Wednesday, 30 May 2012


"Flatability" appears to be the adopted term that describes the degree to which a filofax will successfully lay flat without assistance when opened and, although this word has yet to appear in the Oxford English Dictionary, it is a term dear to the heart of many a filofax user.  Indeed, flatability (or the lack of it) can make or break the relationship one has with one's binder.

So my story goes like this.

I bought a Filofax pocket sized Finsbury in a January sale (it's the one in the video below, even though I erroneously call it a "Kensington"), for less than the price of a round of drinks and, although I have many filofaxes, this is my first 21st century purchase.

And I was happy with it.

Why?  Because it probably cost me (in real terms) less than a tenth of the price of binders made in England all those years ago and I thought that the distinct lack of "flatabilty" wouldn't be a problem, because I just intended to use it for storage.

But, as filofax affectionados will appreciate, it's fun to change things round occasionally and I'm actually using this binder in anger from time to time.  And that is what lead to this particular Filofax Finsbury undergoing the "Nivea treatment" for a couple of days, amongst other things, to see if there was anything I could do to make my new aquisition lay flat.

And the result?

I've ended up with a reasonably well behaved binder, my daughter now has some extra inserts for her pocket fax (because I prefer to use 140mm x 90mm paper myself), and Filofax end up with another sale. Oh, and Beiersdorf, if they knew what their skin product was being used for, would probably be happy too.

Wednesday, 23 May 2012

Paying attention to my "to do" list.

I have dabbled with "to do" lists for decades.  In fact there may still exist, within the English public library service, a copy of "Jennings goes to school" which contains one of my early attempts at paper based organisation.  To have defaced public property in this way is a little shameful, but to have returned the library book without detaching and retaining my "to do" list was clearly a shocking case of GTD failure!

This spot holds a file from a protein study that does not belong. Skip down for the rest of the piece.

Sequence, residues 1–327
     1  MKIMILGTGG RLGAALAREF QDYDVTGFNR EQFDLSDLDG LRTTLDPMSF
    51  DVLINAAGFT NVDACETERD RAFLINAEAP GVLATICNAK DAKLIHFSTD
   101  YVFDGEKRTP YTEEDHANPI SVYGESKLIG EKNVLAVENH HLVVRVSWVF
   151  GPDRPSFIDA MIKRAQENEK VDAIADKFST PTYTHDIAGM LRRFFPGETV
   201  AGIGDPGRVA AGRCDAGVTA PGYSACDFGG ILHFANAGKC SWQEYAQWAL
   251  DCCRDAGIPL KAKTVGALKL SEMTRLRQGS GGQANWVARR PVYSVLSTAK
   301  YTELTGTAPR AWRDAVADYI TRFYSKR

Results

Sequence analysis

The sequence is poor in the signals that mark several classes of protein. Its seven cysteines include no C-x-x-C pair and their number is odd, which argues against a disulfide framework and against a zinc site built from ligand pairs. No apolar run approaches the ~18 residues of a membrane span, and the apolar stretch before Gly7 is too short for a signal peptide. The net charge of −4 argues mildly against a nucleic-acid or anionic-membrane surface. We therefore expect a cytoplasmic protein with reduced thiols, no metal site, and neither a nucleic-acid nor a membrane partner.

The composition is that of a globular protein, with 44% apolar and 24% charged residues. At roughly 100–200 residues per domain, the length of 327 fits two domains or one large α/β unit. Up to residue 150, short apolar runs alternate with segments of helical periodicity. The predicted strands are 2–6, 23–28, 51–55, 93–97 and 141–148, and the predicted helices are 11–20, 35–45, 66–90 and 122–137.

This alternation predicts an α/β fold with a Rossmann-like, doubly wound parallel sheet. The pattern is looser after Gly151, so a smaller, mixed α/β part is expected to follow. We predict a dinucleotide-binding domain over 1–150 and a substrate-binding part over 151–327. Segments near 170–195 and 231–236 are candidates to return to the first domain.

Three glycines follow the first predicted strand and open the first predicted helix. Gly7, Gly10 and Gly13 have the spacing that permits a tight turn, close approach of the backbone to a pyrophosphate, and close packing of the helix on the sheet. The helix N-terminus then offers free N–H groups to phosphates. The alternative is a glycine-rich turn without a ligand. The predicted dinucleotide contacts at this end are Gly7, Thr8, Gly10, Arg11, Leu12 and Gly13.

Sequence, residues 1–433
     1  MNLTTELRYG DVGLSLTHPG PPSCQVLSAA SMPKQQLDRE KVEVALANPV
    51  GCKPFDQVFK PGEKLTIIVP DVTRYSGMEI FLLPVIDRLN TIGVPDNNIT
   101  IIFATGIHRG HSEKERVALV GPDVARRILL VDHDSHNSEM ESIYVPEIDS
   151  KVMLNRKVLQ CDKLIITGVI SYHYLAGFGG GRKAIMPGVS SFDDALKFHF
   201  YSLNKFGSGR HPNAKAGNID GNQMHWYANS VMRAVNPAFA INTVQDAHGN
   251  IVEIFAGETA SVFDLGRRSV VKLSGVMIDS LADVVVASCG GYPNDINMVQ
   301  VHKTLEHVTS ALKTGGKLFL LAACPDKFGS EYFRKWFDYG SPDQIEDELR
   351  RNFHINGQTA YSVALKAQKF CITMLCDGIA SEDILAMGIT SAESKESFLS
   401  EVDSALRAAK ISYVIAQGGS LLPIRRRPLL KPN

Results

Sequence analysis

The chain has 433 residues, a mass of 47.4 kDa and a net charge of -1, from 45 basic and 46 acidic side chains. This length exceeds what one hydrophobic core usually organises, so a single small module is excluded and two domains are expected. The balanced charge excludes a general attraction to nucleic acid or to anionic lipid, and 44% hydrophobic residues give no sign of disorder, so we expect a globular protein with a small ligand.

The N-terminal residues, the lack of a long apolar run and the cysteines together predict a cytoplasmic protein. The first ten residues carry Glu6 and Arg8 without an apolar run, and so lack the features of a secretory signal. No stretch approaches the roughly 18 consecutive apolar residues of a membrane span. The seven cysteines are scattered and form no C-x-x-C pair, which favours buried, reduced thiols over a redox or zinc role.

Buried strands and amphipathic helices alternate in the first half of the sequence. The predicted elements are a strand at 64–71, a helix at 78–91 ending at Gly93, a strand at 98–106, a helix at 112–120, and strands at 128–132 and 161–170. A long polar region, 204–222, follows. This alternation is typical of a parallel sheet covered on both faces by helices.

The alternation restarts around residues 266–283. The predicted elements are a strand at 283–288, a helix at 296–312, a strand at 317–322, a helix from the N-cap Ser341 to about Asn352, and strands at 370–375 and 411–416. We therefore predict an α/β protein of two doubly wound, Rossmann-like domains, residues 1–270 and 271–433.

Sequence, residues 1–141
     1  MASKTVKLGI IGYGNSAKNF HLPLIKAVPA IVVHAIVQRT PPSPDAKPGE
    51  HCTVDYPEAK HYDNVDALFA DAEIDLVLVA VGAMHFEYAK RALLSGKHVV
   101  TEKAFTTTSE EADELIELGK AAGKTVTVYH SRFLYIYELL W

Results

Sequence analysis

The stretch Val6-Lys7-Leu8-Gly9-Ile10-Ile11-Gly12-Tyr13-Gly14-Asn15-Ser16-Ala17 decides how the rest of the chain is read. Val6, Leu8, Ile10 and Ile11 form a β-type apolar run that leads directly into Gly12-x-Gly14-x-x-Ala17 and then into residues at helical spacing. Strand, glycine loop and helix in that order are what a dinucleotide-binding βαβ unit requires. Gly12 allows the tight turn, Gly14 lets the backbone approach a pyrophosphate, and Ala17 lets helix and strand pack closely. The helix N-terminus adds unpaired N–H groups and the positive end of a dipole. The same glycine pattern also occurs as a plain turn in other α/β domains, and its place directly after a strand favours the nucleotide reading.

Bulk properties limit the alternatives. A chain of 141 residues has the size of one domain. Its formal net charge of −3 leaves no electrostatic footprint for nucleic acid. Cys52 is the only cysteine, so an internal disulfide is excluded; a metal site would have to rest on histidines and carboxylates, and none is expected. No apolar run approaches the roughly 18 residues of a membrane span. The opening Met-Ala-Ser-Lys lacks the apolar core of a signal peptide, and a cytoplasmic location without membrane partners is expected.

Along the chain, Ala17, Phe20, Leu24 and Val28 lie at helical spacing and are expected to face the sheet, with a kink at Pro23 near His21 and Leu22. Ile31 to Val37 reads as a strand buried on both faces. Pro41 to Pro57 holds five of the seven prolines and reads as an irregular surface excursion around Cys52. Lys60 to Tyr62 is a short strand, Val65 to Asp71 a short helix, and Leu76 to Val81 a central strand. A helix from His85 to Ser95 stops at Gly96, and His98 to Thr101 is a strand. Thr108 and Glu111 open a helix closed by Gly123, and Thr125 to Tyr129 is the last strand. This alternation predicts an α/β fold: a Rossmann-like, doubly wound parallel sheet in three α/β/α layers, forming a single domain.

Forty years on, I realise that using scraps of paper, or indeed school library books,  is a somewhat precarious strategy, and that the only way for me to keep tabs on a "to do" list, is to insert it in my diary where I will see it, preferably quite regularly.

So, in my "action fax" (that's the pocket sized one in the videos below), I make sure that my ever growing list of things to be done is inserted at today's diary page, whenever I open my filofax.  In my humble opinion, continually repositioning my "to do" list, so that it stares at me on a daily basis, is the only way!

Wednesday, 16 May 2012

ARC - what's in it for Filofax users?

A few days ago, I bought a couple of those ARC notebooks at my local Staples. You know, the ones with those funny plastic discs instead of the familiar "filoesque" mechanism.

So, why am I fooling around with a new type of re-positionable binder, when I'm a "dyed in the wool" Filofax sort of person? Well, it's all about ISO standards and, in particular, the requirement for punched holes to be positioned 11-13mm away from the edge of the paper.  Which means that, perhaps miraculously given the incompatibilities in life these days, you can use a standard hole punch to perforate each ARC page to enable them to fit Filofax binders.

Currently, here in the UK, Staples are knocking out packs of 50 sheets of lined 100gsm paper for two quid in both A4 and A5 formats ($3.99 and $2.99 respectively for letter and junior formats in the US). And this paper hits the spot when I want to use my fountain pen. I can't vouch for every pen and ink combination but my Lamy ST, with a medium nib and black Sheaffer Skrip ink works just fine on this super smooth paper. I'd be inclined to blot the last few lines before you turn the page, though, as drying times are not particularly fast.

The ARC punch isn't in the UK at the moment but, when it is, you will be able to punch your existing A4 and A5 Filofax inserts too, so enabling all sorts of possibilities; like, for instance, the option to keep an ARC binder on your office desk but travel to and from work with that lovely A5 Malden you simply can't risk losing, transferring projects between binders as required.

Ok, this may not be binder nirvana, but the concept of combining the two binder systems is definitely worth thinking about.

Saturday, 12 May 2012

An introduction.

My name is Neil, I live in the UK, I'm old enough to be part of the generation who bought into the Filofax phenomenon in the eighties, and I've been using them on a continuous basis ever since. In fact, I have several.

So, what will you find in this blog?

Well, I'm not really part of the fashionista crowd, although there's nothing wrong with that. "Filofax Filosophy" (note the spelling) is all about hardcore productivity, product testing and other geeky stuff. There's not many of us blokes out there, banging on about Filofaxes, so I hope you will find my thoughts (and indeed my Youtube videos) interesting.